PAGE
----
Business Email Compromise (BEC) , Cybercrime , Email Security & Protection
Nigerian BEC Scammers Increase Proficiency: ReportOne Gang Responsible for 2.1 Million Attacks, Researchers Say
Nigerian cybercriminal gangs have become even more proficient in waging business email compromise attacks, according to an analysis from Palo Alto Network's Unit 42.
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Unit 42 researchers determined that last year, cybercriminal gangs operating out of Nigeria averaged a combined total of over 92,000 business email compromise attacks each month, a 172 percent increase from the previous year.
The analysis also found that one group, which Unit 42 refers to as SilverTerrier, was responsible for the bulk of these attacks. This gang is believed to be responsible for 2.1 million BEC attacks in 2019, according to the report.
And while groups such as SilverTerrier continue to rely on a vast array of commodity tools, such as information stealers and remote access Trojans, or RATs, the Unit 42 analysis found that these cybercriminals have become much more sophisticated in how they deploy this malware.
"SilverTerrier is really good at retiring old tools and adopting new ones," Pete Renals, principal researcher for Unit 42, tells Information Security Media Group. "The factors they take into consideration on which tools to use include popularity, effectiveness, detection rates, availability and various other market factors. This helps keep their attack delivery methods fresh and effective."
BEC on the Rise
The increasing proficiency of these Nigerian cybercriminal gangs comes at a time when BEC attacks are increasing globally. These scams typically involve fraudsters compromising the email accounts of executives in order to trick lower-level employees into transferring money to bank accounts controlled by the attackers.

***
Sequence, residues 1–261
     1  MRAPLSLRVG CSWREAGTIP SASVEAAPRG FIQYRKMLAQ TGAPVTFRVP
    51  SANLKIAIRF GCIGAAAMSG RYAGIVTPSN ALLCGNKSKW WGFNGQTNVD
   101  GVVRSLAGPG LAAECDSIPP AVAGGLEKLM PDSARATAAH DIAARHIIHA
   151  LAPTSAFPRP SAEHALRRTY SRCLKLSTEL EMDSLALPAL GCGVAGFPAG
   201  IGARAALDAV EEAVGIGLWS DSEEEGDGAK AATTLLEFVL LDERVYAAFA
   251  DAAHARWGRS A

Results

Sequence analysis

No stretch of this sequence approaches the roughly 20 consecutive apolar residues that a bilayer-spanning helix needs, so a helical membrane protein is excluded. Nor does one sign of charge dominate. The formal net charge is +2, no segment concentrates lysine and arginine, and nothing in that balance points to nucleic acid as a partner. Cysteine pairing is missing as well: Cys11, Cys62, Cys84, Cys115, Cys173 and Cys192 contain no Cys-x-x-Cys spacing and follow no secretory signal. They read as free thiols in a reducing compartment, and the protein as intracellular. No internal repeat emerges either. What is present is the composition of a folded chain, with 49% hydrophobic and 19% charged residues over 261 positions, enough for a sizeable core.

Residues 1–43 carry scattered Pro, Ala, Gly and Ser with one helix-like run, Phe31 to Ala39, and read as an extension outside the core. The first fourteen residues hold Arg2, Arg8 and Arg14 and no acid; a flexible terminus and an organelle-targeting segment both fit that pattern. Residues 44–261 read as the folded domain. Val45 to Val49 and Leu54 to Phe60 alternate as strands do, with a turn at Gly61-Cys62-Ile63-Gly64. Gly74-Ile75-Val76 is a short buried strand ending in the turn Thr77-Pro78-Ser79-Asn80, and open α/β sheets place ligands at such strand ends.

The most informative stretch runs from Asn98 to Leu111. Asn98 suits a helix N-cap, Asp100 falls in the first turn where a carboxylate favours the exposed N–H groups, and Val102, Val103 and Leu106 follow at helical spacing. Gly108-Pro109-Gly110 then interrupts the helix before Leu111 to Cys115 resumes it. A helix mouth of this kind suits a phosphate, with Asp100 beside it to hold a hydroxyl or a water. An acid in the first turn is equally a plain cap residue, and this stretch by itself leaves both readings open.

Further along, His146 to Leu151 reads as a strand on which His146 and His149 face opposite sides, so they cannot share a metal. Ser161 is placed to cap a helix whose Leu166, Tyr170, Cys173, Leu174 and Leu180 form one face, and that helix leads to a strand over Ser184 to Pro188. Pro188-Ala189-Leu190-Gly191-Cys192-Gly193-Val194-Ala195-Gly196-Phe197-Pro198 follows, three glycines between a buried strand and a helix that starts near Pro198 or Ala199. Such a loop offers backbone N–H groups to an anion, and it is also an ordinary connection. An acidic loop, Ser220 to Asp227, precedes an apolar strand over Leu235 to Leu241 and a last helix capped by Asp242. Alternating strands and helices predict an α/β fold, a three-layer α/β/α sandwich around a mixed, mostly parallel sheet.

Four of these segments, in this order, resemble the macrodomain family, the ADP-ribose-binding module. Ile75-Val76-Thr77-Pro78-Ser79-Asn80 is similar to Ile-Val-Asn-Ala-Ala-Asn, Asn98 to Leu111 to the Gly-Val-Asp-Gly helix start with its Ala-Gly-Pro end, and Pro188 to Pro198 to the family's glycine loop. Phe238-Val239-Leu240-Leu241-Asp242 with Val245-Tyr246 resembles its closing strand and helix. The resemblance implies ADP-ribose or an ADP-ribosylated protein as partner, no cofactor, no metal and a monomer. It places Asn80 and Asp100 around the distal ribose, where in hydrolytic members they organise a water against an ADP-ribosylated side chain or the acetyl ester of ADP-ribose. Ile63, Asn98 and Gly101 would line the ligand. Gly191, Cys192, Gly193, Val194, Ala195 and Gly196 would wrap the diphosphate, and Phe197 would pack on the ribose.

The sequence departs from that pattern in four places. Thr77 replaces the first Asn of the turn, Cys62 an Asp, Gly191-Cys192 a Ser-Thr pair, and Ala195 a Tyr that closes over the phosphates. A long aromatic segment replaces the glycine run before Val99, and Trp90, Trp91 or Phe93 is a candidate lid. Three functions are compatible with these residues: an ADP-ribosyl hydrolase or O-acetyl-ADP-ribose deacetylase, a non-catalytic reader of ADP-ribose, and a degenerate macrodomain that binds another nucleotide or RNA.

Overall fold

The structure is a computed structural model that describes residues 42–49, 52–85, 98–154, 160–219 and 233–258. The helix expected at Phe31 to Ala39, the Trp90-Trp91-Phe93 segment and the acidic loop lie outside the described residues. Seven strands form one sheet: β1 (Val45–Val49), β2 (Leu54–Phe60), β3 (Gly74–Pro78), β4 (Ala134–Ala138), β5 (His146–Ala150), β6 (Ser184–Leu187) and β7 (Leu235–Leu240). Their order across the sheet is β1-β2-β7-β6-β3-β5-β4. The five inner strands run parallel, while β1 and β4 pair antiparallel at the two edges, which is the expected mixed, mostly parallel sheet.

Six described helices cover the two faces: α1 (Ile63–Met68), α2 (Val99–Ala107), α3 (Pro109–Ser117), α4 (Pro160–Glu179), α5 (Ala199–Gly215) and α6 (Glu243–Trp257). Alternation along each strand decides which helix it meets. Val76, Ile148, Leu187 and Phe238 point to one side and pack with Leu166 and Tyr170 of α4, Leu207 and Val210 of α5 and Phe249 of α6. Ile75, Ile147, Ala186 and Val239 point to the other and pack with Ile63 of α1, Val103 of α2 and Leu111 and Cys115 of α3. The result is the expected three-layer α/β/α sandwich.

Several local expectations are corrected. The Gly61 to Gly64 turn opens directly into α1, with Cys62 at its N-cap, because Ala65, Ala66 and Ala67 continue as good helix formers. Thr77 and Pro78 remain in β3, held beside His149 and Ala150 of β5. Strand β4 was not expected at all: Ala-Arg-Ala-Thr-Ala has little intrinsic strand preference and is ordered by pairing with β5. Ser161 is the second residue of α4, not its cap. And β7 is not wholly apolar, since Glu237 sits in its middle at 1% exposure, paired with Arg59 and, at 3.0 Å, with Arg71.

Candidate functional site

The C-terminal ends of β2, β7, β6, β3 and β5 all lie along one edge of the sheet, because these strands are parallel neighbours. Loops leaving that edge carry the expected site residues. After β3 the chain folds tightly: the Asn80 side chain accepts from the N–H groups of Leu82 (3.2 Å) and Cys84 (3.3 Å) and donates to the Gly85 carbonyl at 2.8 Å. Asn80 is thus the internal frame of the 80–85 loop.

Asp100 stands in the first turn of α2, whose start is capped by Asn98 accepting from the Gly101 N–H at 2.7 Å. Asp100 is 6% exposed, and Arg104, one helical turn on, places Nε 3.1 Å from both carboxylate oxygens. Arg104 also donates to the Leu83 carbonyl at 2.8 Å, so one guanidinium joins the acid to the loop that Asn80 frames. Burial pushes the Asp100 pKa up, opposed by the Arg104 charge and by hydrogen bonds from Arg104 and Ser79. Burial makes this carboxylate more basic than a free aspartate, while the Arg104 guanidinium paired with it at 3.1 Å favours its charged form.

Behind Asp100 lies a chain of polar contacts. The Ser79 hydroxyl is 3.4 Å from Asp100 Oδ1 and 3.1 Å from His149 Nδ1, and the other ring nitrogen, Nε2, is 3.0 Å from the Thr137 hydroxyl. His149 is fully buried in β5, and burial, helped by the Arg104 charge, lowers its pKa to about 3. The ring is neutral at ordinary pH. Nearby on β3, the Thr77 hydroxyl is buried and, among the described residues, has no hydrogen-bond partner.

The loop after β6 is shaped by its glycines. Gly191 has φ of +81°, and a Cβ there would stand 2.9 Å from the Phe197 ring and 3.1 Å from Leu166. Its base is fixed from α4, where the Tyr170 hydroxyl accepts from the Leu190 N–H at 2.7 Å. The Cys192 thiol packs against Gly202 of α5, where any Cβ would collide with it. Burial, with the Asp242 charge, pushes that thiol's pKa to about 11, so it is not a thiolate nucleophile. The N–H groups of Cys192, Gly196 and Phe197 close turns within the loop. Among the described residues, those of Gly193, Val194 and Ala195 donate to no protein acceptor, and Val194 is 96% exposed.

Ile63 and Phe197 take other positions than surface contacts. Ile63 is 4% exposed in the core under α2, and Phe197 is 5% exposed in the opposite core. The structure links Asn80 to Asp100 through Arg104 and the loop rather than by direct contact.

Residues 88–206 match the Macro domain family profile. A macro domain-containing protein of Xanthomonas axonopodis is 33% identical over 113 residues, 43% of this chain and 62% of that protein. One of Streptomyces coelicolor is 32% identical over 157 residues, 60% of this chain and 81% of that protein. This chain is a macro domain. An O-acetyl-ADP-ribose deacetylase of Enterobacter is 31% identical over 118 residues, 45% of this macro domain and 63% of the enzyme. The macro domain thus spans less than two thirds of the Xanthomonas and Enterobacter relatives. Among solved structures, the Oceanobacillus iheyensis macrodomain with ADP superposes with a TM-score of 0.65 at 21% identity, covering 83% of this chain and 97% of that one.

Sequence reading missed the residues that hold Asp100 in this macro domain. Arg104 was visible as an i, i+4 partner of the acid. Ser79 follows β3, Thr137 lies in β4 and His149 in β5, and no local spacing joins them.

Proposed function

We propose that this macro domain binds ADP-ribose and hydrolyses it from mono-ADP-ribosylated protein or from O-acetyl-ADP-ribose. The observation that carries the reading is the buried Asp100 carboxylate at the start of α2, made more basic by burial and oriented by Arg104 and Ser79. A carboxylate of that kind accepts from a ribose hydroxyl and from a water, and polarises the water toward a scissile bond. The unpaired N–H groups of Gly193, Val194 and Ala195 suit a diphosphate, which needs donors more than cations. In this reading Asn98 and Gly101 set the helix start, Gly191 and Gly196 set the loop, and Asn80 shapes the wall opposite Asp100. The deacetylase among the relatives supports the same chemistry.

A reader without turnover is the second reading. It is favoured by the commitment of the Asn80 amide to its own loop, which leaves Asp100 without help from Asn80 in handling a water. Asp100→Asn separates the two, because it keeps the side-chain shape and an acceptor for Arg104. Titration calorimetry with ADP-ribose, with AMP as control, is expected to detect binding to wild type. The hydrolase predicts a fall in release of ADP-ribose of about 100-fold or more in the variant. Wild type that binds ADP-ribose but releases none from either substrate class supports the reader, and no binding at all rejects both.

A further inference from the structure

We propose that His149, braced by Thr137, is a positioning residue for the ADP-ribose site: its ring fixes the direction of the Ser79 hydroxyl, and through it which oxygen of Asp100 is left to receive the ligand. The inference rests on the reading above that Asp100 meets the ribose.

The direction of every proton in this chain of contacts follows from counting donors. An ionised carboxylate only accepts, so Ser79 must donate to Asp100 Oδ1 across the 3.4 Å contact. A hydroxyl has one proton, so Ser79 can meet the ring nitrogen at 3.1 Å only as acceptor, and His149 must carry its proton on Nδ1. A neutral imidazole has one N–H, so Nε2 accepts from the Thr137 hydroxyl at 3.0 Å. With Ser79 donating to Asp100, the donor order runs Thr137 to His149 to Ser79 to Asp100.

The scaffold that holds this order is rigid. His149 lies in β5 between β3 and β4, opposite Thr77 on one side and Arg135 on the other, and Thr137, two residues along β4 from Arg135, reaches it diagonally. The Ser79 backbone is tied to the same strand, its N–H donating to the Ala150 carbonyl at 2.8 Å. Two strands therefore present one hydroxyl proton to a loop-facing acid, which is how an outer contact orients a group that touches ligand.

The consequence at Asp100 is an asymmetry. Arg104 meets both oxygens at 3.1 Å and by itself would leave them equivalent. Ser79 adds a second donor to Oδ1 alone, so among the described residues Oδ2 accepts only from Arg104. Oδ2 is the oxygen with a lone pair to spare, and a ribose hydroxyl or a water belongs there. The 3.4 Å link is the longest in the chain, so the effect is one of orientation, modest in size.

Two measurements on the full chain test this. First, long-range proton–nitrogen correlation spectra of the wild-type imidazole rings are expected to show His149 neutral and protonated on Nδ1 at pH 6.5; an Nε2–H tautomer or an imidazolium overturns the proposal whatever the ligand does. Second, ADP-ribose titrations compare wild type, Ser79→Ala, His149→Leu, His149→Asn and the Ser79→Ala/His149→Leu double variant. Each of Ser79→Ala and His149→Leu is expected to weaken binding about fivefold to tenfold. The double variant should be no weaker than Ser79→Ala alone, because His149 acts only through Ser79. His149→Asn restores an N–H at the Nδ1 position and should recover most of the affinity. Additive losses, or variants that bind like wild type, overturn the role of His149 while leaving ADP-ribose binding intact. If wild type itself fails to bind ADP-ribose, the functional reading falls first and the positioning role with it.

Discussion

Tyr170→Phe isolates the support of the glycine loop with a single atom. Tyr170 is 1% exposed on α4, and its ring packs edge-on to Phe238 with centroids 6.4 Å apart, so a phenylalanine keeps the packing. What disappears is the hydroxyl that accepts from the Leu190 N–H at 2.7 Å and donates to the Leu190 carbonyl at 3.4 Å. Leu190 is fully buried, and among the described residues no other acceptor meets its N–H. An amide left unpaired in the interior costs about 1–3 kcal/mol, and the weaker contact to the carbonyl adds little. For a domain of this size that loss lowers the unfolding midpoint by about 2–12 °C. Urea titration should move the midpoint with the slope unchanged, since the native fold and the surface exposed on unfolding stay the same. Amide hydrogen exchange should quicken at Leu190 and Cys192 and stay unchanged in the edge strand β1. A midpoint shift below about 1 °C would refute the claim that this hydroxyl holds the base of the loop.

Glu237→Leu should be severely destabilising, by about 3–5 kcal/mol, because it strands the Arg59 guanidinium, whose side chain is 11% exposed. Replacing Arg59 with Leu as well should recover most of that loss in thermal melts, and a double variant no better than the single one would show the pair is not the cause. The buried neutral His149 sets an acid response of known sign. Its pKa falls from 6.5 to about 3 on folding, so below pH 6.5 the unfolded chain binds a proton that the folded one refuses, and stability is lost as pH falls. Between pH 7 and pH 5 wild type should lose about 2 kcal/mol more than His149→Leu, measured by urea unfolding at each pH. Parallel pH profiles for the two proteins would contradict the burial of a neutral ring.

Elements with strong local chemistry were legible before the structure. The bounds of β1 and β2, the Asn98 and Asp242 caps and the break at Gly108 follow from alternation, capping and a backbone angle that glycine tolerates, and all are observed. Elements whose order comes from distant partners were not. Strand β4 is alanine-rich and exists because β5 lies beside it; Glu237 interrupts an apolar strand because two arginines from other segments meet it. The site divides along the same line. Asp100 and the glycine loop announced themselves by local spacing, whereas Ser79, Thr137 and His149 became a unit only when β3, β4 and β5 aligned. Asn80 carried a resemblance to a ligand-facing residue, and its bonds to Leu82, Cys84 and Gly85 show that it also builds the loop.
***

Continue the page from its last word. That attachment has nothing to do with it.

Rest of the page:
The FBI's Internet Crime Report revealed that the agency received nearly 24,000 complaints about BEC scams in 2019, with losses to victims in the U.S. totalling $1.7 billion, (see: FBI: BEC Losses Totalled $1.7 Billion in 2019)
In September 2019, the U.S. Department of Justice announced that 281 people, including 167 Nigerians, were arrested as part of a coordinated effort to disrupt BEC scheme (see: Business Email Compromise Crackdown: 281 Suspects Busted).
The bulk of the Unit 42 analysis focuses on SilverTerrier, which has been active since at least 2014 and acts as an umbrella organization for about 480 individuals. Over the course of 2019, the group produced more than 81,300 malware samples - snippets of malicious code that analysts can reverse engineer - as part of their activity, according to the report.
And over time, the SilverTerrier gang has deployed a number of commodity tools to assist their BEC scams. This includes information stealers, such as AgentTesla, AzoRult, Lokibot, Pony and PredatorPain, which are used to capture screenshots, passwords and other sensitive files on an infected system, according to the report.
In addition, the group uses a combination of 13 commodity RATs for modifying systems, accessing network resources and sending out emails and other messages from compromised devices, according to Unit 42. In many cases, the developers working for the gang used obfuscation techniques within the malware, which are designed to deceive signature-based anti-virus programs, the report notes.
"As SilverTerrier continues growing its technical abilities, combined with the effectiveness of these tools in enabling fraudulent schemes, we anticipate seeing an increasing number of actors adopting these tools in 2020," Renals says.
Over the last year, Unit 42 found that SilverTerrier has focused more of their efforts on tech companies, legal offices and law firms as well as other professional services industries.
Role of Malware Developer
The Unit 42 researchers say SilverTerrier has sought the help of individual malware tool developers to increase its capabilities.
"Actor X," a SilverTerrier member whose identity was not disclosed by the Unit 42 researchers, registered more than 480 domains using 90 email address over the last year. This developer produced over 4,000 malware samples that targeted more than 93 local, state and federal government agencies, according to the report.
In March, Check Point Research released a similar report that profiled one Nigerian scammer who collected over $100,000 in a seven-year period by engineering various scams (see: The Evolution of a Nigerian Scammer).
Managing Editor Scott Ferguson contributed to this report.